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Are you one of those persons tempted to play the lotto, even as you very well “know” the odds of winning are incredibly small? Hey, you never know so you play, right! C’mon, I know you better than saying “no” to me. What do we find so tempting about playing the Lotto? Is it the odds of winning big against a small possible loss or the desire to take care of our material wish list once and for all and retire? Unfortunately, our wish list always seems to grow as fast as we are able to slice items off it. Furthermore, as our fortunes rise, more expensive items tend to appear on the list, making the quest almost impossible to fulfill. It seems that only at the latter part of our lives, we start to understand the valuable lessons of immaterial over material; that less is more and our overall happiness has little to do with winning the lotto.
You see, our state of happiness and valuations in the stock market trend in the same direction over time. Both have a tendency to reverse to a mean or a relatively stable level. It is well known that lottery winners are not significantly happier after a given period of time, than a control-group of participants that did not win anything. Likewise, it is well known that outsized outperformance in the stock market is not sustainable for most of us and after a given period of time will trend back to a mean. Do you travel to buy your lotto ticket at a winning location… or don’t you? Do you often buy the latest best performing funds… or don’t you? We should really leave the lotto and the latest best performing funds for what they are. Give closer attention to the small numbers around you. It is worth it. They add up and continuous moderate gains tend to make us more content and happier; a bonus that keeps on giving.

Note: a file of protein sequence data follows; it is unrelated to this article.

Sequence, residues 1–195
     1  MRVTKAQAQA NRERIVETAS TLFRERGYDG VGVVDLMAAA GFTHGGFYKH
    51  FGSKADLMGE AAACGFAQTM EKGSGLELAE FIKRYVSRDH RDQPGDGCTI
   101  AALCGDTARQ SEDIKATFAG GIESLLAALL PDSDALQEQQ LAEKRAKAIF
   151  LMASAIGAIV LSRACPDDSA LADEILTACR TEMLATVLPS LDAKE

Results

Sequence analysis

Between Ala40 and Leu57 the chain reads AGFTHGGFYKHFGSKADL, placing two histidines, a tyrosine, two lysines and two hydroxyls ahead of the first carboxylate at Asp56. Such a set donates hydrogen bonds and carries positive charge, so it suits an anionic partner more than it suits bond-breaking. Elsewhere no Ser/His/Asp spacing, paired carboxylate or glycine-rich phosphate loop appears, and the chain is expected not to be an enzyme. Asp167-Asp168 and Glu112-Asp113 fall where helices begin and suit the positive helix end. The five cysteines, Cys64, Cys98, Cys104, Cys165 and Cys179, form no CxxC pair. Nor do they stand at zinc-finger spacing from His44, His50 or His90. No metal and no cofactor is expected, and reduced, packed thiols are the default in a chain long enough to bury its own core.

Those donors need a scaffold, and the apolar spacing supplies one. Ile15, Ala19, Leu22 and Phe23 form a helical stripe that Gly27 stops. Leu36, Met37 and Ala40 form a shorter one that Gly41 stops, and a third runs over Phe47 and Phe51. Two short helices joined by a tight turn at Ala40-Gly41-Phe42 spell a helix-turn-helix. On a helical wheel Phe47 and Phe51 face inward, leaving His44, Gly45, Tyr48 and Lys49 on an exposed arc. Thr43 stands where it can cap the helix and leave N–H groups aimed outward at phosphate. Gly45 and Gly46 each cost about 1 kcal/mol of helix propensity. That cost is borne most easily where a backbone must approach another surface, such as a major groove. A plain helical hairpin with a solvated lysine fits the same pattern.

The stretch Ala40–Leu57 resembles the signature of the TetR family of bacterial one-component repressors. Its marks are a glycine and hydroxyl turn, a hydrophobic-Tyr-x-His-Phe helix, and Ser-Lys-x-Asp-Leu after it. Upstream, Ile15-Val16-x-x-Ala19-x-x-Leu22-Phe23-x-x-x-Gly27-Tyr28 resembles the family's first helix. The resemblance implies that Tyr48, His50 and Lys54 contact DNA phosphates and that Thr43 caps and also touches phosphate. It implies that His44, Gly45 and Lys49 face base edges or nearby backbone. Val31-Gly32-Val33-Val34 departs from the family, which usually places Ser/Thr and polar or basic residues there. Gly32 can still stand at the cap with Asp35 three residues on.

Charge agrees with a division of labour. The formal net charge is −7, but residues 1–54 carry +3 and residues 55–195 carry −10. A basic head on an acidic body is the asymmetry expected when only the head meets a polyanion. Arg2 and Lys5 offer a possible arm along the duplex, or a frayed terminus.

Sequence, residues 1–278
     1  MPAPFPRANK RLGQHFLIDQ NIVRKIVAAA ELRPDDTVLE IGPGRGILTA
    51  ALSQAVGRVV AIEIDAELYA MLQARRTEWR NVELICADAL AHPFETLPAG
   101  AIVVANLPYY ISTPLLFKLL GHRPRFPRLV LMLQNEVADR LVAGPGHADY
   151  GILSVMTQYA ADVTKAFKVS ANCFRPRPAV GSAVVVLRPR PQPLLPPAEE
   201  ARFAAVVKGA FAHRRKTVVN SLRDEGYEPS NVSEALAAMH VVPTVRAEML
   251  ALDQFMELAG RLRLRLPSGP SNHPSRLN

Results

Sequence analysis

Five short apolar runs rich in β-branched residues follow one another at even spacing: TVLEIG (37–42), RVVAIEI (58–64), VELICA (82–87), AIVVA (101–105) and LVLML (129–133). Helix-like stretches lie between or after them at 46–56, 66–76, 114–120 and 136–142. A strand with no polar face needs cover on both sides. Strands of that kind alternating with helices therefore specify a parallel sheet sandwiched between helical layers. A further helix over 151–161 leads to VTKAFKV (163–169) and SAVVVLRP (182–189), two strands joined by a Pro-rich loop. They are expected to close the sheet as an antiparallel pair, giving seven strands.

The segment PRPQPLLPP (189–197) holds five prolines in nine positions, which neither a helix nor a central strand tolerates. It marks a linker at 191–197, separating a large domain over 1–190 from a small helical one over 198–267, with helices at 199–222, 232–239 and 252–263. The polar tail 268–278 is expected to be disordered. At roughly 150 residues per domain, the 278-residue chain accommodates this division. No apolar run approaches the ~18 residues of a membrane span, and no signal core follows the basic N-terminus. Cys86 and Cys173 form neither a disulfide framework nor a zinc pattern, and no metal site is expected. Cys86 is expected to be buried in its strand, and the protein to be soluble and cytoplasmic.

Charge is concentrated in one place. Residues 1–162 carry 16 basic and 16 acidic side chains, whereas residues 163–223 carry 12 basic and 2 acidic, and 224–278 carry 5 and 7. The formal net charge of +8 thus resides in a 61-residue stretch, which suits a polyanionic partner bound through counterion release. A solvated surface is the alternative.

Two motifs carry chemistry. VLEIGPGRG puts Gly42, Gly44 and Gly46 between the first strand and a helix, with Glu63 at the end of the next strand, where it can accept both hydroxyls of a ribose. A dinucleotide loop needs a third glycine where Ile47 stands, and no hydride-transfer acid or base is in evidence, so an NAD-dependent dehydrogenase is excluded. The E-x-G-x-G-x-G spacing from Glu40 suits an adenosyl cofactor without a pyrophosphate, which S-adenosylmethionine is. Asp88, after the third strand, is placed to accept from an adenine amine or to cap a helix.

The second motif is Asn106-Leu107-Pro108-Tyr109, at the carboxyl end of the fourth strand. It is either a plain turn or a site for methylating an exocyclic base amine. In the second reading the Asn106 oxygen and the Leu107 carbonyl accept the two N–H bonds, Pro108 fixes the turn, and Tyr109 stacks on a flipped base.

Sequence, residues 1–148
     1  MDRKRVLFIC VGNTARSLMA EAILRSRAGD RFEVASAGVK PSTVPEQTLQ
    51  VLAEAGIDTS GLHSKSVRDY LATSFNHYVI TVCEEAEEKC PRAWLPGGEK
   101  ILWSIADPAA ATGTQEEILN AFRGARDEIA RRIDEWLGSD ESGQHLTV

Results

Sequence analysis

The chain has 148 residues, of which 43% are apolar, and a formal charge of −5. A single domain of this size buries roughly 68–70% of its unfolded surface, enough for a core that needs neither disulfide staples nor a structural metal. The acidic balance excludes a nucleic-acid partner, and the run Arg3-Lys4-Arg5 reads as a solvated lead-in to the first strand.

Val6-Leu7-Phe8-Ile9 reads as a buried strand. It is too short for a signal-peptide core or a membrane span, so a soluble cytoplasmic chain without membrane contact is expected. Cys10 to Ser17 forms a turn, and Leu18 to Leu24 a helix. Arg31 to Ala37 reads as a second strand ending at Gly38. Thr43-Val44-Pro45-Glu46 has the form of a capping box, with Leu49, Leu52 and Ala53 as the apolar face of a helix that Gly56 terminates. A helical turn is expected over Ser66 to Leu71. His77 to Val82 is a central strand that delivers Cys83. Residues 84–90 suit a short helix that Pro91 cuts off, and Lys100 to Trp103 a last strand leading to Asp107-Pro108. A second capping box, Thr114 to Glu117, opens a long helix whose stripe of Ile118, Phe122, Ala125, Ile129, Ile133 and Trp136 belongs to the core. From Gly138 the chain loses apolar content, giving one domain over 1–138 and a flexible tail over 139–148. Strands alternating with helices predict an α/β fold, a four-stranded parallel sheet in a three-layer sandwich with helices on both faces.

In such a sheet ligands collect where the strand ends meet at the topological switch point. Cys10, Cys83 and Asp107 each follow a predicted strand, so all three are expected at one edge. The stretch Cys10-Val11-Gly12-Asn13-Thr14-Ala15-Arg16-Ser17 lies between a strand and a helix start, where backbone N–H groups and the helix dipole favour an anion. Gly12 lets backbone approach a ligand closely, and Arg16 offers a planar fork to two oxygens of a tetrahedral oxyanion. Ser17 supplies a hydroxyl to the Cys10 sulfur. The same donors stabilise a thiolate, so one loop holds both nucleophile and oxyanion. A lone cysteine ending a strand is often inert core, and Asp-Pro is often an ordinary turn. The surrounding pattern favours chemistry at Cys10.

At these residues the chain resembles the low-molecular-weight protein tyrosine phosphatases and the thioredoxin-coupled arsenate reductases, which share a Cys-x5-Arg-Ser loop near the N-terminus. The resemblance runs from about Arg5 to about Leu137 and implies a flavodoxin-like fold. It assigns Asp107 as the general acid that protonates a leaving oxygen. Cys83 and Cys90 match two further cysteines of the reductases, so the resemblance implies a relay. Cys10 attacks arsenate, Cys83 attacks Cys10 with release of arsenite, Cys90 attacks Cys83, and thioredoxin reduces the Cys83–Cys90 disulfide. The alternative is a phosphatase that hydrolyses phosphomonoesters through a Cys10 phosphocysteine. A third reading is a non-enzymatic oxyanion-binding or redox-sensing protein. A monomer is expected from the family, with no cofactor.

You have heard of Starbucks, right? This is one of the companies we like. They are all about small numbers adding up in a big way and we love them for it. Imagine you formed a hard-to-break habit to get your cup of coffee at Starbucks and did this almost every day of the week. Your frequent visits to get your kick would easily add up to more than $2,000 per year. According to Starbucks annual report 2013 this adds up to 3 billion visits in their stores worldwide resulting in roughly $2.5 billion in operating income. Wow! To think it all started at a single coffee shop in Seattle. If you had drunk water instead of Starbucks’ coffee, invested $2,000 per year for 25 years and compounded it at 9%, the average performance of the S&P, you would have had $170,000 in your pocket. So much for small numbers not adding up to anything.
Now, take a sip of your coffee or “doppio espresso macchiato” and think about your small numbers. They count and you should be proud of the small gains you make. Small gains give more fun; give longer lasting happiness and compounded small numbers will give you something big.
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